Total number of HTML views: 1
Total number of PDF views: 3 *
Loading metrics...

Abstract views

Total abstract views: 99 *
Loading metrics...

* Views captured on Cambridge Core between 2nd January 2018 - 20th July 2018. This data will be updated every 24 hours.

Service innovations: a depersonalisation research unit progress report

  • M. L. Phillips (a1), M. Sierra (a1), E. Hunter (a1), M. V. Lambert (a1), N. Medford (a1), C. Senior (a1) and A. S. David (a1)...
Submit a response

eLetters

EMDR & Hypnosis

Antoinette T Geoghegan, Consultant Child Pschiatrist;Child Psychotherapist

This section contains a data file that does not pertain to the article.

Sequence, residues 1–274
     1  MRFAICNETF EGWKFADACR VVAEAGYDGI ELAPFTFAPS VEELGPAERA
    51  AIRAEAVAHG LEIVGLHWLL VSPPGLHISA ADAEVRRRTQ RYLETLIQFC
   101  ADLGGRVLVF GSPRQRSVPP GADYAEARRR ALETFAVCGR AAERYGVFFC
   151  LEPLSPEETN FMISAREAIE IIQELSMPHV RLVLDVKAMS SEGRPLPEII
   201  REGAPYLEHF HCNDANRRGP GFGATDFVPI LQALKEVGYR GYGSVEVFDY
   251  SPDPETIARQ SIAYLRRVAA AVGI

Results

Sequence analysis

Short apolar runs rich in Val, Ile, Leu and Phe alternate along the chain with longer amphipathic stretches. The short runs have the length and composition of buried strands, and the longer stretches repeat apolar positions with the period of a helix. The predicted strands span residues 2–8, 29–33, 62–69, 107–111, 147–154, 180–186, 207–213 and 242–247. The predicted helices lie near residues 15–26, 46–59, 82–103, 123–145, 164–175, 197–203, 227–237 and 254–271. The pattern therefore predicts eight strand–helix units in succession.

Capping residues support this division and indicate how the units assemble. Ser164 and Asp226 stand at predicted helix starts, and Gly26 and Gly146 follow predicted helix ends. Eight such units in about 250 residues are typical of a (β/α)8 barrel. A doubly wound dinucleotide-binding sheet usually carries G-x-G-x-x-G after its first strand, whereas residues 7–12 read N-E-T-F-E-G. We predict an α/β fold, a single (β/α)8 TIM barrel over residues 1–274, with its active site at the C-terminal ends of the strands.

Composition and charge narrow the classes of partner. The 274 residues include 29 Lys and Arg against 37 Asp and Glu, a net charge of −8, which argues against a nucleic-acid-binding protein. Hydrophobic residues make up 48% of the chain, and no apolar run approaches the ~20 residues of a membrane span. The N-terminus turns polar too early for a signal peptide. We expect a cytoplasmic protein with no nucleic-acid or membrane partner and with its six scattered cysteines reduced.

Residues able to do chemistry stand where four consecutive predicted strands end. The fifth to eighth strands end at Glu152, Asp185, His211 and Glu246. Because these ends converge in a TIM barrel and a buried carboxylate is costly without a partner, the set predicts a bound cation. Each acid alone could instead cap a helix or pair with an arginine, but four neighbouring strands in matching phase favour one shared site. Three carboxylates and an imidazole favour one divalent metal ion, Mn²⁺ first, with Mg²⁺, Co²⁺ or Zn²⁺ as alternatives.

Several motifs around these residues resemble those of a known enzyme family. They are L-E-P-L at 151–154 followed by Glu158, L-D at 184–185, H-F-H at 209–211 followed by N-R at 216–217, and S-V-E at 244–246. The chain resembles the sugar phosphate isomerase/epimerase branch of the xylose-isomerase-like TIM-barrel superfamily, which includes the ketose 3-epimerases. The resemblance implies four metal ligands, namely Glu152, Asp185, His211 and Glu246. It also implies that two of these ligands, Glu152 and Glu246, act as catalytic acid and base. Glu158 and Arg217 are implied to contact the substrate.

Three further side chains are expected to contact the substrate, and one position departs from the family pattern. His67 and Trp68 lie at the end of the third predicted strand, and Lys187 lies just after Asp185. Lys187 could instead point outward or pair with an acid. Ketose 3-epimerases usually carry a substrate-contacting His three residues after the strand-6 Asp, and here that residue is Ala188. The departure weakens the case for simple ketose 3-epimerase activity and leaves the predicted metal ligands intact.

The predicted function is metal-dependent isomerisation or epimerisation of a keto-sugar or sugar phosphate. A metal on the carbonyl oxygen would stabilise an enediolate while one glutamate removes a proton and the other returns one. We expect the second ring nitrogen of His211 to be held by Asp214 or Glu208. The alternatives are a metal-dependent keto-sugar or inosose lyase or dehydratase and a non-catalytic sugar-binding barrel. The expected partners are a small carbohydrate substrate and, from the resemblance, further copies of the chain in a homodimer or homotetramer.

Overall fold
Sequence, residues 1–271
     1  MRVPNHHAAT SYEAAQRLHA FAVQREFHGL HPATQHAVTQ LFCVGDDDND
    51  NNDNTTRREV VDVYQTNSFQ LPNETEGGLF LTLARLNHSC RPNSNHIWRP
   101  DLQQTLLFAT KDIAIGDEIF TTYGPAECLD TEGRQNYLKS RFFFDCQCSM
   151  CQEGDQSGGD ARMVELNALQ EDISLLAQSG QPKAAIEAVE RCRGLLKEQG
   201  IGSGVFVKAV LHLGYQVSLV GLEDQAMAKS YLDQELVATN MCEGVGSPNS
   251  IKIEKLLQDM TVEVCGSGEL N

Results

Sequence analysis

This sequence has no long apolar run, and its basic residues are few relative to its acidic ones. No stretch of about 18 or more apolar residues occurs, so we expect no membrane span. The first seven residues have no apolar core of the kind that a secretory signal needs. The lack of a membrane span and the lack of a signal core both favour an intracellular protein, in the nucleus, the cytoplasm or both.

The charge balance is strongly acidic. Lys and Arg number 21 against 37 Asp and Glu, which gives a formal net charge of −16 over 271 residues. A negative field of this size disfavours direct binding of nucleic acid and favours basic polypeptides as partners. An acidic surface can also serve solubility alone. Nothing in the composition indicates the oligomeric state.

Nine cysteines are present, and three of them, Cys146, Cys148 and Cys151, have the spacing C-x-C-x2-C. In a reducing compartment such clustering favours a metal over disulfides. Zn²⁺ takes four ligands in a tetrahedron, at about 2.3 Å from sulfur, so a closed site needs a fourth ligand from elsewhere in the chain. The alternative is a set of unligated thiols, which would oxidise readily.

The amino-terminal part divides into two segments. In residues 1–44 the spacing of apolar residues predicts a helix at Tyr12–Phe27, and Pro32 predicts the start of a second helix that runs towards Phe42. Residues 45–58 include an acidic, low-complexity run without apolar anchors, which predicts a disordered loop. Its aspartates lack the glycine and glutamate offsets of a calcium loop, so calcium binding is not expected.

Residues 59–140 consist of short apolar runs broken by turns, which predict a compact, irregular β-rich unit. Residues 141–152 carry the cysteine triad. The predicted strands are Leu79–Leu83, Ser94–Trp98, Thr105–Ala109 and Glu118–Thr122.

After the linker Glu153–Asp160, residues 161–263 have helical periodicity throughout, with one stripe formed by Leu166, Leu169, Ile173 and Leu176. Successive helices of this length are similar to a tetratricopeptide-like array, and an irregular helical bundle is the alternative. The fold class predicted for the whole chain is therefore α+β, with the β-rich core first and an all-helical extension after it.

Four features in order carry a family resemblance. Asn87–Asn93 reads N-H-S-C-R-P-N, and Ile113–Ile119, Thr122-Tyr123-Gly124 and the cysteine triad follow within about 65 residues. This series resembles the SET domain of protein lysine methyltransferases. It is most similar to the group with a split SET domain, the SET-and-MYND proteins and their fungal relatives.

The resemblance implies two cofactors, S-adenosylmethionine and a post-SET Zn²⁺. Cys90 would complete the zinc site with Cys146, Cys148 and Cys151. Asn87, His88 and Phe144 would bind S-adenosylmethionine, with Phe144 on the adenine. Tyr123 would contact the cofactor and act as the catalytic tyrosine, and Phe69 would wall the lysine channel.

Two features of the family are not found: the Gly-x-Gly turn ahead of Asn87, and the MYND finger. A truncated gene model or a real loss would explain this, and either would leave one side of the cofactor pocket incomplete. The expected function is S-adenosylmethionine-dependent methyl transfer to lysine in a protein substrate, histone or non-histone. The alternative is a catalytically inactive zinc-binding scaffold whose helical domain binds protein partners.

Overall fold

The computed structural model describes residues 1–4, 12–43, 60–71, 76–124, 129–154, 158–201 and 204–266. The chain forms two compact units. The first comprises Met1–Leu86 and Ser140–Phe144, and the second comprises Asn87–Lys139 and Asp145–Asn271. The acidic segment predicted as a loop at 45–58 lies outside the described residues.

12 May 2005

Dear Dr Phillips et al,

I wonder if EMDR (Eye Movement Desensitization and Reprocessing) may help in depersonalisation as it has been found to be helpful in trauma, and it seems there is a trauma component to depersonalisation. I have usedEMDR successfully with a child and an adolescent who had PTSD.

I have no experience of hypnosis but similarly I wonder if this couldshift the depersonalisation which in my experience is not amenable to psychodynamic interpretation though a conflict or conflicts can be identified with the patient.

I am interested to hear your views,

Yours sincerely,

Antoinette Geoghegan
... More

Conflict of interest: None Declared

Write a reply

×

Reply to: Submit a response


Your details


Conflicting interests

Do you have any conflicting interests? *